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Posted by on Feb 6, 2013 in Blog, Music and Concert Reviews | 0 comments

Happy 51st Birthday, Axl Rose!

Axl Rose in Concert

 

The great Axl Rose and I have many things in common.

Consider the following:  We both turn 51 today.

Image that.

Fifty-one years old — which means we’ve each been alive for more than half a century.

On the bright side, I’m just “8” in dog years.

I’ve never meet Axl.  However, I’ve seen him in concert a few times.  He’s best known as the legendary voice of Guns N’ Roses.

Come to think of it, Axl and I share far more than just having the same day and year of birth.  Is it possible that we were separated at birth?

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Posted by on Jan 31, 2013 in Blog, Music and Concert Reviews | 33 comments

The Ten Greatest National Anthem Performances of All Time

 

Jose Feliciano, 1968

 

The Star Spangled Banner deserves to be sung, not faked.

Lip syncing the National Anthem is grossly disrespectful.  It’s fraudulent.  It’s a mockery.  Any performer who refuses to actually sing the anthem live should be debunked and the invitation should be withdrawn.

Unfortunately, lip syncing has become increasingly common at big events.  Even more baffling, some people even find faking the anthem to be acceptable.

I strongly disagree.

Our National Anthem deserves better.

At the very least, The Star Spangled Banner deserves to be honored with authenticity.

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Posted by on Dec 14, 2012 in Blog, Music and Concert Reviews | 2 comments

A Song for All Seasons, An Anthem for the Ages

Why “Happy Xmas (War is Over)” by John Lennon and Yoko Ono is the Greatest Christmas Song Written and Recorded in the Modern Era

 

War is Over by John Lennon and Yoko Ono

 

John Lennon once said he always wanted to write a popular Christmas song.

Hard to believe, but as accomplished and prolific as The Beatles were for nearly a decade, they never recorded a holiday tune.

So, less than a year after the legendary rock icons dissolved as a group, John and wife Yoko Ono fled London for a new start in New York City. That’s where they would remain for the duration of Lennon’s life. In fact, the controversial duo never returned to England again, not even to visit.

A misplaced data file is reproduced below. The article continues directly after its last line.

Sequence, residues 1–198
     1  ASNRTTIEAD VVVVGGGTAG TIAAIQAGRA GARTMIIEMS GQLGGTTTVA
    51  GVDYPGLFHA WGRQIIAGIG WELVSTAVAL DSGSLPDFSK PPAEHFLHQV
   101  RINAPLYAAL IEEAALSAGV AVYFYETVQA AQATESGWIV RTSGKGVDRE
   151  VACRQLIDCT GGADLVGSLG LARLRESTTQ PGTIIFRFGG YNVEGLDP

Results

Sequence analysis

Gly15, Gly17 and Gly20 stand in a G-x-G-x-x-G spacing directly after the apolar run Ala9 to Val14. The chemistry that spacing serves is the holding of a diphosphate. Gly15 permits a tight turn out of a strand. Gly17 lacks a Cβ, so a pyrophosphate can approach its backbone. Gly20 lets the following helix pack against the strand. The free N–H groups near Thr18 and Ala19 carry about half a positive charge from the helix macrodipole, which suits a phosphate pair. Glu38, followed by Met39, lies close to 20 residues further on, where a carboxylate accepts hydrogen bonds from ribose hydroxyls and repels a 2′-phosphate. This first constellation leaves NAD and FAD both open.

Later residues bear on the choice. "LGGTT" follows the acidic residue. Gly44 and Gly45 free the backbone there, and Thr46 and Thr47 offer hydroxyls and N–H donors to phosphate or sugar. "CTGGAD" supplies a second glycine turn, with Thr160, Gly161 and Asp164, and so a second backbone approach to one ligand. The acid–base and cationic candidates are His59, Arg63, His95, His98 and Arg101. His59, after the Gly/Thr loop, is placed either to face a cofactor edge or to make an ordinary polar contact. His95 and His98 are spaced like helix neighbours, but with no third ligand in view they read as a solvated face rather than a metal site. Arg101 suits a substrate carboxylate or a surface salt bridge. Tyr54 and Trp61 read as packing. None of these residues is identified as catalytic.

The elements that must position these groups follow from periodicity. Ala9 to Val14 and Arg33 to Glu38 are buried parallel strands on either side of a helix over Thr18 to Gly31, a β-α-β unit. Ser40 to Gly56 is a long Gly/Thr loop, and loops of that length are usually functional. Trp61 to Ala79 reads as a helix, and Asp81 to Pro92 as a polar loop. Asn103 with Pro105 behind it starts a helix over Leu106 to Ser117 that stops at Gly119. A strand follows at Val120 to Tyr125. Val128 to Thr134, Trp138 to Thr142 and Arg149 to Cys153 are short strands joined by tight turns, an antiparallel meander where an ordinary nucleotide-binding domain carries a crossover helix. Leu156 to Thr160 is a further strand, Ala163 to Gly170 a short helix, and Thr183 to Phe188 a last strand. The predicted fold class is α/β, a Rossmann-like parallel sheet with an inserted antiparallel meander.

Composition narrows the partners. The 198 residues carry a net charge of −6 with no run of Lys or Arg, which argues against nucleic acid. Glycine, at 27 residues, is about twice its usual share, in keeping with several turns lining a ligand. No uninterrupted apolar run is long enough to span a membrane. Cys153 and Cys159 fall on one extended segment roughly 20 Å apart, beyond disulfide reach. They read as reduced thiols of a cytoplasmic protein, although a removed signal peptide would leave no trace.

During their earliest months in Manhattan, Lennon wrote a number of songs that would later become one his few commercial flops as an artist, ultimately released as the “Sometime in New York City” album. This creative period largely fueled by intense political activism and protest included an unusual Christmas song that was inexplicably omitted from the 1972 album.  And yet, it would ultimately become a powerful anthem for world peace as well as a timeless melody of hope for all humanity.

Like many great works of creative alchemy, the song wasn’t particularly well-received when released, either by critics or the public. The single wasn’t a hit when initially released in 1971 in the United States. A year later, the single was released in the U.K., where it enjoyed modest success, charting as high as fourth. But by the mid-1970’s the song was mostly forgotten.

The song did later appear on a relatively obscure John Lennon composition album called “Shaved Fish.” But following a stellar track record of commercial and critical successes — both with The Beatles and Plastic Ono Band — no one was quite sure what to make of the odd tune. It certainly wasn’t a mainstream Christmas song in the traditional sense. But it wasn’t quite a political song either, not in the mold of other Lennon classics like “Give Peace a Chance” or “Imagine.” Older people who fancied traditional Christmas music weren’t about to purchase new single by one of counterculture’s most outspoken leaders. And younger fans weren’t all too enthusiastic at the notion of listening to what amounted to a simple Christmas song. The title too was controversial, opting to omit “Christ” from Christ-mas.

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Posted by on Oct 8, 2012 in Blog, Music and Concert Reviews | 0 comments

Searching for Sugarman: Rodriguez on ’60 Minutes’

rodriguez-photo

 

There are rare few moments of great television.

Last night offered us such a moment.

On CBS’ “60 Minutes,” the long lost hermit singer-songwriter Rodriguez was featured in the third segement.  This was one of the most heartwarming and inspiring stories I’ve ever seen on a program that has given us many extraordinary memories over the years.